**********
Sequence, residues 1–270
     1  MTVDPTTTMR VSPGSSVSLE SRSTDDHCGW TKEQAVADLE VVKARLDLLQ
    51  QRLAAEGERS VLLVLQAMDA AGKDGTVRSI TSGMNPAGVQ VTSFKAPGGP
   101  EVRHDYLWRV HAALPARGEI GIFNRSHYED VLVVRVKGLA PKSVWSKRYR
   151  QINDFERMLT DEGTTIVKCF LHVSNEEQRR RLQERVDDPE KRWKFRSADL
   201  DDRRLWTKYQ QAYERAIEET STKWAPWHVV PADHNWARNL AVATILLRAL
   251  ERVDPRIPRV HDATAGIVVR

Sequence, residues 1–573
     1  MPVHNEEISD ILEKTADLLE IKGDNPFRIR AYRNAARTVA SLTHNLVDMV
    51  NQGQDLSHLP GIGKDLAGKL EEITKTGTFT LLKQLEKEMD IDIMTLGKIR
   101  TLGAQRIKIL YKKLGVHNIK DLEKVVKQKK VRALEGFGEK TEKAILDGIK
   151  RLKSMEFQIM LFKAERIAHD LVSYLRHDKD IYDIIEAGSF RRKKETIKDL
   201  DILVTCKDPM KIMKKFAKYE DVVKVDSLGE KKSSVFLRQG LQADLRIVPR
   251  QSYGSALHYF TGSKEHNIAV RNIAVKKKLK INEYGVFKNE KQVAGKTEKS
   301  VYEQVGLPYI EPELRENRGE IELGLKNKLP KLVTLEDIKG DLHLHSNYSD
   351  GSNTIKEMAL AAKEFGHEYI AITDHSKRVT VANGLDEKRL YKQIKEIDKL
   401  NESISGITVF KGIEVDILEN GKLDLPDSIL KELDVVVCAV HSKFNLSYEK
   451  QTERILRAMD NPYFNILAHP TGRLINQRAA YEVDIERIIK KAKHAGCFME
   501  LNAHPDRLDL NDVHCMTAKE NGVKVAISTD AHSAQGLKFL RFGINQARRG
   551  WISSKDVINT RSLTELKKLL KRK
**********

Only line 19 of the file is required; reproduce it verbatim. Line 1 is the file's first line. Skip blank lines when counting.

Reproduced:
   501  LNAHPDRLDL NDVHCMTAKE NGVKVAISTD AHSAQGLKFL RFGINQARRG